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Originally established for times when I needed more than 140 characters to finish a thought on marketing or media.


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LivingSocial starting to look a little antisocial

pitr_scissors_half-open_iconLivingSocial, a daily deals site based in D.C., is cutting 400 jobs after losing $566 million in the third quarter. (The Associated Press reports that is 9% of their workforce worldwide.)

What a shame. It seems like only yesterday only July when the D.C. Council handed the daily deal site a $33 million tax break to keep it in the District — as opposed to letting it migrate to more business-friendly Northern Virginia.

From a July WaPo story announcing the tax break:
 

Despite having yet to turn a profit, LivingSocial has quickly become one of the city’s largest private sector employers. Its staff has swelled from four to 5,000 since 2007, about 1,000 of which are based in the District.

 

Is it just me, or is it starting to smell a lot like the shenanigans that preceded the Dotcom Bust?

It’s not just me.

From the MoneyWatch story:

 

According to trade publisher Daily Deal Media, in the last six months of 2011 alone nearly 800 daily deal companies closed their doors.

 
Talk about done deals …


What I missed on vacation: DealChicken hatches in D.C.

Employees at Gannett Co. Inc.’s headquarters got an email Thursday announcing the July 12 launch of the media giant’s new daily deals product, DealChicken. The company’s flagship TV station, WUSA9, will be one of the first of the Gannett properties to offer discounts on such things as boating lessons (who has time?), hot air balloon rides (really?), and gourmet spices (hot!).

In an email to staffers, David Payne, senior veep and chief digital officer, said WUSA will also offer television and online advertising packages that will help particpating merchants promote their deals — and lock in the ever-elusive return (conversion) customer. (I’m paraphrasing.)

Payne also cheered DealChicken’s “great success” in the Phoenix market, and noted plans to expand the effort into more than 50 markets by the year’s end.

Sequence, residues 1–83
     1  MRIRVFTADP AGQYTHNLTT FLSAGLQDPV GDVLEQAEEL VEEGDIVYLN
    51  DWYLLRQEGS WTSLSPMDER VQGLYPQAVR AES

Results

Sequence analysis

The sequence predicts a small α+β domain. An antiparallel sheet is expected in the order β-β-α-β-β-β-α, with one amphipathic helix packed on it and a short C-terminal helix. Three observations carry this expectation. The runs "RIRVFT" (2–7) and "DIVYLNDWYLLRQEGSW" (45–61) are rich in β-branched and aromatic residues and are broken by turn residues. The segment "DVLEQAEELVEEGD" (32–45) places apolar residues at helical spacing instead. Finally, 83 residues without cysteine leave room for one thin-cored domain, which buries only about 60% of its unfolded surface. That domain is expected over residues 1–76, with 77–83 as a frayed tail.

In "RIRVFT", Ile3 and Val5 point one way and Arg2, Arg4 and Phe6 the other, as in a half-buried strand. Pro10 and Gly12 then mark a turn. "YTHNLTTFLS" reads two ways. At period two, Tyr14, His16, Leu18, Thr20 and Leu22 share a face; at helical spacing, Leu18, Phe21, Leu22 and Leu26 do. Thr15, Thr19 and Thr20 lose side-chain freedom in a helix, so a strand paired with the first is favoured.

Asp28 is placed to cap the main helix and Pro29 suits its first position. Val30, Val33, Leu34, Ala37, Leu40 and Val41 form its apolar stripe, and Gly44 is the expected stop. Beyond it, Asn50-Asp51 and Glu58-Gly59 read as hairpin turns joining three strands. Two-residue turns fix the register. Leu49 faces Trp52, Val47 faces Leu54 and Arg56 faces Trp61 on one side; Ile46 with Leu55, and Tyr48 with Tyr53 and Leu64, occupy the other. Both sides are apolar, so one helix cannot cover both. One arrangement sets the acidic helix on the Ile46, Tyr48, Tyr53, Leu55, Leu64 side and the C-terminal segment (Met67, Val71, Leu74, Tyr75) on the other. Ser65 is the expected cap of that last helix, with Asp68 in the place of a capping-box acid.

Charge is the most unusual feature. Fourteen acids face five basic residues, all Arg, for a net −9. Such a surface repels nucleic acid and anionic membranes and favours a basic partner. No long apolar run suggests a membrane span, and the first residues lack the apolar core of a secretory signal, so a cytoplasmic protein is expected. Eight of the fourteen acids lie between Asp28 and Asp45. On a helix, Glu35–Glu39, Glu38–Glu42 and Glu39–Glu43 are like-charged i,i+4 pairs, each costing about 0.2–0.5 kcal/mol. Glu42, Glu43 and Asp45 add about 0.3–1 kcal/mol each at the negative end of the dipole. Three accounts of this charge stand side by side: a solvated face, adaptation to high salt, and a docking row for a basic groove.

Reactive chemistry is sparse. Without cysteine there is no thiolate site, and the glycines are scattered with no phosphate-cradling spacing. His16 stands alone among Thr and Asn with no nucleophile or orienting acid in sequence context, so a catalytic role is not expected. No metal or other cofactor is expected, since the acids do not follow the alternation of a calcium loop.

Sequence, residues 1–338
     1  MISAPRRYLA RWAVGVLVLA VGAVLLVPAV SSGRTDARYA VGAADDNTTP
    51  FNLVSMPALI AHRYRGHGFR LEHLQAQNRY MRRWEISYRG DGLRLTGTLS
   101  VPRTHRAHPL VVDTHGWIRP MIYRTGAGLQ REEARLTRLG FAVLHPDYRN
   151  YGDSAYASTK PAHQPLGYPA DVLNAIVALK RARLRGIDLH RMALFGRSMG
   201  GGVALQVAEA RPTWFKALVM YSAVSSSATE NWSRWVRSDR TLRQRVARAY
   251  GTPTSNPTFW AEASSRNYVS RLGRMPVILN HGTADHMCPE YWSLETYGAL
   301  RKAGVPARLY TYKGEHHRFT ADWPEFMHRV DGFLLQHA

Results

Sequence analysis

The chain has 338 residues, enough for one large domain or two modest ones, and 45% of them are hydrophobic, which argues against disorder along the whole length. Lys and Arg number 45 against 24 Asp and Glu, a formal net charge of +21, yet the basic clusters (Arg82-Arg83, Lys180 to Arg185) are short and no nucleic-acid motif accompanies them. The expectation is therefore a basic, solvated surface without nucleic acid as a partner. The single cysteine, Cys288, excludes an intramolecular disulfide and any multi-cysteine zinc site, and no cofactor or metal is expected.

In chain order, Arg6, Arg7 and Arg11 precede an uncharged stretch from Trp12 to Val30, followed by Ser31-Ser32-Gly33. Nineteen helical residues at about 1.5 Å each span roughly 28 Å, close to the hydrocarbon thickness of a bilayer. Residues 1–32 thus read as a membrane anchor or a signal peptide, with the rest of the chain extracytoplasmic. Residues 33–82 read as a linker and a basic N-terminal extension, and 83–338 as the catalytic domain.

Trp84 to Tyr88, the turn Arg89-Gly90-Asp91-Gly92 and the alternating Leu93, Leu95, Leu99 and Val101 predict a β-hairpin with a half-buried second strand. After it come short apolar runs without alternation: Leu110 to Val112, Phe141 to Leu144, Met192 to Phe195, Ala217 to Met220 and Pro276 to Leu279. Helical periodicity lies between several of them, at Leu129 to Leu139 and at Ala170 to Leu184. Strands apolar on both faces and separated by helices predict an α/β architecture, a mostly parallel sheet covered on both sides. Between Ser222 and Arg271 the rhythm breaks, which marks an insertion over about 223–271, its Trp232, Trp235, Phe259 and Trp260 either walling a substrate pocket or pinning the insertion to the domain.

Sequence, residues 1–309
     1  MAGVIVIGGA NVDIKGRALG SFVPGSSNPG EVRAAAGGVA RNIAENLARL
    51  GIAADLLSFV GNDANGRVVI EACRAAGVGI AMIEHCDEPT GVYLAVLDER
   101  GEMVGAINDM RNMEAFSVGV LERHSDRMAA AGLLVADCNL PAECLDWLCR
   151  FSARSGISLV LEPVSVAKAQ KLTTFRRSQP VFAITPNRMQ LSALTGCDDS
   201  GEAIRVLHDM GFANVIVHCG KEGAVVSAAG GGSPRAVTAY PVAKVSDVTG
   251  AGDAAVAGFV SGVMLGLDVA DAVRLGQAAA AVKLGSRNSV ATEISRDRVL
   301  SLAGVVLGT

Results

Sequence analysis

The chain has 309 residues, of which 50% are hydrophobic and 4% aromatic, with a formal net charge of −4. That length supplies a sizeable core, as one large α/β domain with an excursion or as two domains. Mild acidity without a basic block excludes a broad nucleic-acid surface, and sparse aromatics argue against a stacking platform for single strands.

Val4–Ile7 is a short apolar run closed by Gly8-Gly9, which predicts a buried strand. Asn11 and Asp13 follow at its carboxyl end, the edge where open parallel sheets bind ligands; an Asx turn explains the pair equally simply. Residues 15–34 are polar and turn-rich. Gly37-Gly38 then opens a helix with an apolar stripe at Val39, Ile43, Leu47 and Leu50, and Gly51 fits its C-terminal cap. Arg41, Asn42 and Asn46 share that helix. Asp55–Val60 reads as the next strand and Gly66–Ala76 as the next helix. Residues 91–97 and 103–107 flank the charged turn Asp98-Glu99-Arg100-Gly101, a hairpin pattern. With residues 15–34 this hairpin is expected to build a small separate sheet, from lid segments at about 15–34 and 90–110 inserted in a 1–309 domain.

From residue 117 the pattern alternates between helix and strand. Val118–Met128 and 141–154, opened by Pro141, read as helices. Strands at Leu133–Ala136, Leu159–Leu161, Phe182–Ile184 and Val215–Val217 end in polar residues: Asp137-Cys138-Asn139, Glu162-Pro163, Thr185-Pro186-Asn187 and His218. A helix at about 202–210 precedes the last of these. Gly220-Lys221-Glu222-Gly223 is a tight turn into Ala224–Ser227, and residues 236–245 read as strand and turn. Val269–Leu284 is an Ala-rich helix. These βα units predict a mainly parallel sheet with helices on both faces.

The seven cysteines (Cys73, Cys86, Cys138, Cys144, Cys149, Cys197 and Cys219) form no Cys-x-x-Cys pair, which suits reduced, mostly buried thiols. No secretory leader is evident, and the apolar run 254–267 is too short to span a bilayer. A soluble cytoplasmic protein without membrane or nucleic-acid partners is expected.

Not to knock my employer, but I don’t think GroupOn has anything to worry about.

Do you?


FarmVille-maker Zynga files for $1 billion IPO

All of my friends who play FarmVille on Facebook (ALL. DAY. LONG!) will be interested to know the gamemaker Zynga has filed for a $1 billion IPO that The Wall Street Journal is calling a “test of investor appetite for social media companies.”

Zynga’s filing comes on the heels of LinkedIn‘s intial public offering in May, and Groupon’s filing June 2.

According to the Journal’s anonymous sources, the IPO, which will seek to raise $2 billion, could value the company as high as $20 billion.

Read the not-so-anonymous SEC filing here.

Does anyone smell a bubble? 


Breaking: Groupon files for IPO

In the wake of LinkedIn’s high-profile IPO, deal-of-the-day site Groupon has filed to go public, The Wall Street Journal is reporting.

A quick look at Groupon’s earnings from the story:

Groupon earned $644.7 million in revenue for the first quarter of 2011, up from $3.3 million in the second quarter of 2009 and $44.2 million in the first quarter of 2010. But it lost $102.7 million in the first quarter.

EARLIER: Groupon’s Super Bowl ad makes some people cry.


Groupon and CP+B: No crying over spilled fish curry

ED’S NOTE: This post reflects my interest in advertising as a marketing student. It does not endorse any product, services or agency. The opinions expressed here are mine and in no way reflect the opinions of my employers.

Advertising fun bunch CP+B is having a bad week, Ad Age reports.

Burger King jumped ship after seven years (no loss there), and Groupon’s Andrew Mason is still apologizing for the Super Bowl ad that has been wrongly vilified as the most tasteless spot ever produced in the history of advertising. It’s more than a month after the Super Bowl. Are we really still talking about this? Did the ad really hurt the deal-of-the-day site? Not likely. We are still talking about this ad. No one will shut up about Groupon. The publicity couldn’t have been all bad.

C’mon, didn’t Groupon know what agency they were hiring?

If you don’t want flavor, don’t order the curry. Here’s a similar sentiment from the Ad Age story:

The situation illustrates a classic tension in marketer-agency relationships: Clients say they want to take risks, but later realize they weren’t ready or can’t stomach the criticism associated with them. And CP&B is nothing if not a risk-taker, known for ads that reap miles of PR, even if they stir up controversy.

Maybe when Groupon goes public, Mason can afford some big-boy pants.

As for the disputed ad, judge for yourselves: